When it comes to the interview process, start your due diligence process early.

The other side of interview preparation

When you’re considering a new career opportunity, especially one that requires a plane ride and an overnight stay, keep some things in mind.

You’re not just interviewing with a company.  You’re dealing with people.

One or more people have invited you into the equivalent of their business “home” with the thought to bring you into their work “family”.

On top of that, there’s a whole host of people behind the scenes who are helping to coordinate your plane trip, your hotel stay, the interview agenda, and anything else that goes along with your visit.

There’s also a considerable financial expense associated with getting you to their location – a plane trip on short notice, hotel stay…the whole nine yards.

Then consider the hourly rate of each person that’s meeting with you throughout the process – if you’re meeting with a VP of R&D or a Chief Operations Officer, an hour of their time could be anywhere between 2 and 4 hundred dollars per hour.

Multiply that out against the rest of the team, albeit at lower dollar per hour, but still – consider it.

There’s a lot of resources going into bringing you in for an interview – same with you on your end – taking PTO, time away from family possibly, the stress and strain of possibly leaving your company. I get it.

So before you accept the invitation to fly out, before you get too far down the process, make sure there’s a legitimate reason why you’re going on this interview.

Don’t string people along if you’re not serious and you haven’t done your due diligence.

Landscape Black Leather Wallet Near the Necktie

Start your due diligence early

If you’ve got a family or a significant other, have the hard conversations up front with the about making a move.

How will it impact you? How will it impact him or her?

What will have to happen to facilitate you getting on board within the next 30 days with as little disruption as possible.

Have the conversation and start the internal, personal dialogue early.

When it comes to the financials and a package, start the due diligence early – do the cost of living research, get comparables, talk to people in your network, get realistic and get second, third opinions. Don’t spring anything on a recruiter or the hiring team when it comes to your compensation expectations.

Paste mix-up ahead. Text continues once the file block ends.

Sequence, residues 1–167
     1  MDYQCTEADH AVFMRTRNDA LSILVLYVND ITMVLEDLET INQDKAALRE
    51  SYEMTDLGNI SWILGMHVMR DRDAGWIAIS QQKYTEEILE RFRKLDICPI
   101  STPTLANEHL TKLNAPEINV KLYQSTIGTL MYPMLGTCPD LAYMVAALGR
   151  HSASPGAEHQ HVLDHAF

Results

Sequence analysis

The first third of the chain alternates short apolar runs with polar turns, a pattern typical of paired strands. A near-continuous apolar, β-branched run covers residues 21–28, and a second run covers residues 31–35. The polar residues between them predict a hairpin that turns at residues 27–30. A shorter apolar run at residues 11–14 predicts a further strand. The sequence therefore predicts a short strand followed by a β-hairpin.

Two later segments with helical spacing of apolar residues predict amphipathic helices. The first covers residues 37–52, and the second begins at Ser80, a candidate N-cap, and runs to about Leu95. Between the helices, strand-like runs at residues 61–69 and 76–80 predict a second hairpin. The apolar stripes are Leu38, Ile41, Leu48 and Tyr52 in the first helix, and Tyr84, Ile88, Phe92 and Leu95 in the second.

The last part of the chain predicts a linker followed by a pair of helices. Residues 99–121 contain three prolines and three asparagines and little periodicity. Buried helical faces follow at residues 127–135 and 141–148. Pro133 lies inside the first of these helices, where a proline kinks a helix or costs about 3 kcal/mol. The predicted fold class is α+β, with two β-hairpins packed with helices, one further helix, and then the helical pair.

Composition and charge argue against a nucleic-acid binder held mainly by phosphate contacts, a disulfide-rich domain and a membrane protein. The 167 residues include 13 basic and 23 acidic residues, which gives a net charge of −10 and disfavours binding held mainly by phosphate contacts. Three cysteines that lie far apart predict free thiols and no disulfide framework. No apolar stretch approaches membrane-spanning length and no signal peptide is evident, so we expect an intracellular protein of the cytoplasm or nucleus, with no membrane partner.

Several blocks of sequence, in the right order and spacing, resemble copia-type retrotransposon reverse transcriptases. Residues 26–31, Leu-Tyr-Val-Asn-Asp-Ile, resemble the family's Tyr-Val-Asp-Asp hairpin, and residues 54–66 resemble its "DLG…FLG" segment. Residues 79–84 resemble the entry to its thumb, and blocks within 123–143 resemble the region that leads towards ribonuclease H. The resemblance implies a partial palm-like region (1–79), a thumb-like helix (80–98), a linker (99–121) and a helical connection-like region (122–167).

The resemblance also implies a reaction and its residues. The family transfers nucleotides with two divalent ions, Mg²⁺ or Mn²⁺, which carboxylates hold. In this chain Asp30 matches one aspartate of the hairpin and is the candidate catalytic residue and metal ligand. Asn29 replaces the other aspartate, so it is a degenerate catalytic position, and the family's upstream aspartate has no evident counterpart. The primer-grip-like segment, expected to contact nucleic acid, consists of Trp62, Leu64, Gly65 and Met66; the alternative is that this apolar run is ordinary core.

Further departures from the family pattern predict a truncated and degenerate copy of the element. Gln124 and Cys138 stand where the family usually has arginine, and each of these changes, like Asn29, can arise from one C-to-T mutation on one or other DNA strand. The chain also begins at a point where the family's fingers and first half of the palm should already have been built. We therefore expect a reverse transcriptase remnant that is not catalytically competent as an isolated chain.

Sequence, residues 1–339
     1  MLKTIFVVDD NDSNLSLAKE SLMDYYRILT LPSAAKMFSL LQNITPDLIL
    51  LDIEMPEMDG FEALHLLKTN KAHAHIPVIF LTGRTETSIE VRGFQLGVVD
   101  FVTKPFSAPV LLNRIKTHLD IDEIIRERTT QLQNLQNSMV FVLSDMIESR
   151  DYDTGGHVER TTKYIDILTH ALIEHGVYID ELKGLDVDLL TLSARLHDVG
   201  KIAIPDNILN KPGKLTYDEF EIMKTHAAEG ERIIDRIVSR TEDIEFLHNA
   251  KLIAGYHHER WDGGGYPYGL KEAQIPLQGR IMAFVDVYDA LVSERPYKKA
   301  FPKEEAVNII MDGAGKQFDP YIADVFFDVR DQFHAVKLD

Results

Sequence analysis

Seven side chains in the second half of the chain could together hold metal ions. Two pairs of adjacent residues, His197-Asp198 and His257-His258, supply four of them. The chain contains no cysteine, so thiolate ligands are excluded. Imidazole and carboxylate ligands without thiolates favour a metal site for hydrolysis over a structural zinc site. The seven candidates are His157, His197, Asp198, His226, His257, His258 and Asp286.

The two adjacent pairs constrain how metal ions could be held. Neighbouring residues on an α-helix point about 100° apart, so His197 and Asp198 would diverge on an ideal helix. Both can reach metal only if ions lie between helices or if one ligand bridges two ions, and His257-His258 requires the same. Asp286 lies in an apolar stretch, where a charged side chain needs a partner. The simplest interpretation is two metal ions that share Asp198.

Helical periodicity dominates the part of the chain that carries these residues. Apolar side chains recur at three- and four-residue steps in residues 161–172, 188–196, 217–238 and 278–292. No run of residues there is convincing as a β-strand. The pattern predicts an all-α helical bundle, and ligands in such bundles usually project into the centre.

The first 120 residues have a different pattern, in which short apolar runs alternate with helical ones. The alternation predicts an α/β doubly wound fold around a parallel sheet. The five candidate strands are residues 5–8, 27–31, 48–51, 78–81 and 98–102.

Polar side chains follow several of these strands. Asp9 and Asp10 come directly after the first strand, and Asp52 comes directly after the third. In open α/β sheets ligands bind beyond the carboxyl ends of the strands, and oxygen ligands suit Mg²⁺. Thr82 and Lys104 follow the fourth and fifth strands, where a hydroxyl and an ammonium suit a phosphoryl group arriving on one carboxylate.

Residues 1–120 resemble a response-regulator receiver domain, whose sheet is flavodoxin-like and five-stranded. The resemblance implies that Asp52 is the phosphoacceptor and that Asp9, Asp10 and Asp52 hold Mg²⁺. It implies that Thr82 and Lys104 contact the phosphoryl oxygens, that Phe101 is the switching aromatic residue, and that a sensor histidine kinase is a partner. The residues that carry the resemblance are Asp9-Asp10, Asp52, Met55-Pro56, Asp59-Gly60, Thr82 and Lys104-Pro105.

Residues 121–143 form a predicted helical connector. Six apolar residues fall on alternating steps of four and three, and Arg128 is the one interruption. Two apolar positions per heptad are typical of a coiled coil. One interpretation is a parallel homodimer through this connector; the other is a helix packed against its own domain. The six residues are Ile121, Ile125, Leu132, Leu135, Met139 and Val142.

If you suspect money could be a sticking point, get your terms out early.

Not an ultimatum per se, but let them know that in order to make a change, you’re going to need to see bumps in your current package – if one bucket such as salary or relocation is particularly important, get it out there early and often.

Whether you’re working with a recruiter or going on a job search on your own, just be mindful that you’re dealing with people.

Even if YOU think the company you’re interviewing with has money to burn, I’d suggest to you that you’re missing the point.

When you string people along and don’t put in the due diligence before hand, you’re putting out bad energy. Don’t do it.

Do your due diligence early, often and throughout the process.

Get to specifics around your total comp expectations within a +/- range of 2-3% on the total comp package – be flexible to how it’s structured and where it all falls in the different buckets, but don’t spring surprises on anyone.

Make sense?

If there’s a lesson to take here, it’s never forget you’re dealing with human beings during the interview process.

Don’t string people along, don’t come unprepared at offer time and don’t waste people’s time.

 

 

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